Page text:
Perils Of Indifference Speech Summary

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On April 12th 1999, Elie Wiesel, a Holocaust survivor and Nobel Laureate, delivered a speech that would change the minds of citizens in America for generations to come. As part of the Millennium Lecture Series, Wiesel discussed his horrific experiences in the concentration camp of Auschwitz and turned them into numerous knowledgeable life lessons. The message of the speech, titled Perils of Indifference, portrays citizens around the world should discourage indifference being tolerated, and it is achieved by creating credibility (ethos in beginning ), by using strict logic and reason (logos used in middle), and by discussing the morality on being indifferent to victims of injustice and cruelty (pathos used in end). In the speech Perils of Indifference, Elie…show more content…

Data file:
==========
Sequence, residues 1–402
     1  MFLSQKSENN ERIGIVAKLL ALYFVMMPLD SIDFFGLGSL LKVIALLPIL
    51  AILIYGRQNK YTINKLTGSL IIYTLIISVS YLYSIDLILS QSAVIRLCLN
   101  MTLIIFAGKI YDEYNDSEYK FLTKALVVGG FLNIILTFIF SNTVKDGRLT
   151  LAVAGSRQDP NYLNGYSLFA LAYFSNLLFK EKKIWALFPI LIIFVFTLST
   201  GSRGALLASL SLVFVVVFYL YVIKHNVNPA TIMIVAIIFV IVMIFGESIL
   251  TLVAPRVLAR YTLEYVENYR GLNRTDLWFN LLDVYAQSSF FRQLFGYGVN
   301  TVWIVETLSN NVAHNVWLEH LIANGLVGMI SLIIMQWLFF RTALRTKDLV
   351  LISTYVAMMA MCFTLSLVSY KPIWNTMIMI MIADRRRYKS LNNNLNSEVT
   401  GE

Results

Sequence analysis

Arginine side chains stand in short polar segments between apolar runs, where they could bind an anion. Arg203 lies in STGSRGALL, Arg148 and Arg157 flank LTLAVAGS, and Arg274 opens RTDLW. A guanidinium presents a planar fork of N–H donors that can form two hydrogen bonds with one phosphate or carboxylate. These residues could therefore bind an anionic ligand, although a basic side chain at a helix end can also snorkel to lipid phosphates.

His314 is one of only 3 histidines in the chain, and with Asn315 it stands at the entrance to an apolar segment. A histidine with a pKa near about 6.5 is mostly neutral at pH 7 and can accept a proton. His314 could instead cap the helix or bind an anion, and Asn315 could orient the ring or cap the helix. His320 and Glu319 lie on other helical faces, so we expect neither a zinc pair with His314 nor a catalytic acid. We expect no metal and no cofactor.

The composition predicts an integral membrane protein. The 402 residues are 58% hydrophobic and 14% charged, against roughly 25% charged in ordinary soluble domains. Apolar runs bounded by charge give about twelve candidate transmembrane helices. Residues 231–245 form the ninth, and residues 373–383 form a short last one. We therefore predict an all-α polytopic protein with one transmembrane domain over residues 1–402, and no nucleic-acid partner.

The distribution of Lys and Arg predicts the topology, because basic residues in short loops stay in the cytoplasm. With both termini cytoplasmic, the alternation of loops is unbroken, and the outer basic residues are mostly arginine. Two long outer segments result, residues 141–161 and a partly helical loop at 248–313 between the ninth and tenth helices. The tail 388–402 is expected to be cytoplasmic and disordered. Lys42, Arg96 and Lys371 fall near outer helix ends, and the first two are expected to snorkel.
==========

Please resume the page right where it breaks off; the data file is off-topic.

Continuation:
Wiesel is able to use pathos by telling the story of his childhood, which therefore amplifies the use of emotion in the crowd. “We felt that to be abandoned by God was worse than to be punished by Him. Better an unjust God than an indifferent one. For us to be ignored by God was a harsher punishment than to be a victim of His anger...”. When Wiesel presents his childhood memories the crowds’ atmosphere takes an explicit change from being condescending to apologetic. “And so, once again, I think of the young Jewish boy … I have become throughout these years of quest and struggle. And together we walk towards the new millennium, carried by profound fear and extraordinary hope.” The audience has this change in mood due to the horrific realities of the speech. He uses this change of tone in the audience to talk about the more serious subject of being indifferent and how it affected the world during the Holocaust. By Wiesel using stories of how his childhood was affected from others being indifferent it creates the call to action throughout the
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